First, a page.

Yes I checked out some of the posts. Thanks for the information.
I live about 250 miles south of you, and do not recall seeing one of these until about 2 years ago.Yes I checked out some of the posts. Thanks for the information.
Interestingly, the phenomenon appears fairly often here in Brish Columbia- we live on the east coast of Vancouver Island so it can be quite wet all winter, but we don't usually see low temperatures. Certainly the first time I have seen this happen.
That is a neat shot! Unless you see one in person, I gather some people will declare the phenomenon to be impossible.I live about 250 miles south of you, and do not recall seeing one of these until about 2 years ago.
I've been living here for 56 years, so that's a long time not to have noticed something like that.
In a thread predating my presence here at the forum, Strange Ice cube behavior, two members at similar latitudes(40°-48°) also were not familiar with the process.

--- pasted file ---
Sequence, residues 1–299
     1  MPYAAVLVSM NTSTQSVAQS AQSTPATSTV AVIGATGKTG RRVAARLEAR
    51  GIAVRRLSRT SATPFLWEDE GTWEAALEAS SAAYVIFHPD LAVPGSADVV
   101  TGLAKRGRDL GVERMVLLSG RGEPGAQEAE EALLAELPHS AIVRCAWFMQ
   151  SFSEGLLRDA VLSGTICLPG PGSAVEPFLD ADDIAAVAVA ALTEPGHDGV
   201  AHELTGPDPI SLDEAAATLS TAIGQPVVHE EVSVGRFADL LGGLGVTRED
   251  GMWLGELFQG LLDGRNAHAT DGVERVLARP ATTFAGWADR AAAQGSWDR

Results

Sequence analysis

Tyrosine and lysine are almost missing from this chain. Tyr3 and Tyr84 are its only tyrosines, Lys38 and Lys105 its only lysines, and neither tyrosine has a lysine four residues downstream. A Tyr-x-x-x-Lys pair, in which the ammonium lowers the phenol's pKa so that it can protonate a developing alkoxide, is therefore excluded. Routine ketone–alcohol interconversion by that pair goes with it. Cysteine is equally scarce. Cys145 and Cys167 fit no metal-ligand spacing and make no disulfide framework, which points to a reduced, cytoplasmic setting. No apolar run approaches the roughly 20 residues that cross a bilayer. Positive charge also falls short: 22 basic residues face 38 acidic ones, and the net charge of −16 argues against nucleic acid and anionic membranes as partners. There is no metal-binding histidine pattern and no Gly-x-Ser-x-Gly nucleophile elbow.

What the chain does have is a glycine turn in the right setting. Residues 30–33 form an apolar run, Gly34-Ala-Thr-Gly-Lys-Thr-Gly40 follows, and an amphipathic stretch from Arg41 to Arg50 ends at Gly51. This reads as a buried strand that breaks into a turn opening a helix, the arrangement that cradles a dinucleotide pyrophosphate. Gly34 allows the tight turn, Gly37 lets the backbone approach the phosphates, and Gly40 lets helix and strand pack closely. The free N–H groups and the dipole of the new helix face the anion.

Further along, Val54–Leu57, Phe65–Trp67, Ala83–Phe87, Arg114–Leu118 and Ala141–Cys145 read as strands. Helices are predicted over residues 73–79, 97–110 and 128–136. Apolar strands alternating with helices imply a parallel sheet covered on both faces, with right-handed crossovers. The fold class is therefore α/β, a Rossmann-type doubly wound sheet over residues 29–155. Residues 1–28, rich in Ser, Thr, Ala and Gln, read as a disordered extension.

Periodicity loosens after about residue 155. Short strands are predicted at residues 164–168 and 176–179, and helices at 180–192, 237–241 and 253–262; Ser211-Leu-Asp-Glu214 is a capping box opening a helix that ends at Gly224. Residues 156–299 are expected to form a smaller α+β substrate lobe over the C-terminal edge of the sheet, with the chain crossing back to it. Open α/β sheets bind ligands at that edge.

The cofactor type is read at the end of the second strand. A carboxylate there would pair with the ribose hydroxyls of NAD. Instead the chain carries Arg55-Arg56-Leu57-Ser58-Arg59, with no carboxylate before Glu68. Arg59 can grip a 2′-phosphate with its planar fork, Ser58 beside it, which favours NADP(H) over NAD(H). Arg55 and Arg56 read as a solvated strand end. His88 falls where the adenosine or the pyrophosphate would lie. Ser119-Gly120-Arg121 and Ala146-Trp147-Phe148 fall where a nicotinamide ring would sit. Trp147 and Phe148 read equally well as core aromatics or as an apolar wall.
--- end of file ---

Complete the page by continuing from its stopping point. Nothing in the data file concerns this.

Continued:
A third, in Toronto, was able to identify the phenomenon.
Here's a picture of mine, taken January of 2014.
I was very proud of it.
I have no idea how those other shapes form, and wiki's "Mechanism of formation" explanation is a bit too long and story-problem-ish for me to follow.That is a neat shot! Unless you see one in person, I gather some people will declare the phenomenon to be impossible.
Some food for thought going on here. While I haven't been able to get a measurement on the angles, I found that in the case I photographed, there were two related objects: one was a triangular stalagmite shape, the other larger object is a hollow triangular "vase" shape. The angles of the triangles seem to be very similar whether a solid or vase-like structure. I also note that the structures appear to have a distinctive lean, again apparently the same whether solid or hollow.
Whilst researching ice, I read that ice takes on cubic or trapezoidal crystal forms. I wonder now if there is some relationship whereby the typical hexagonal shape adopted by ice crystals in the air-i.e. snowflakes and the trapezoidal form we see influence each other. The triangles are suggestive!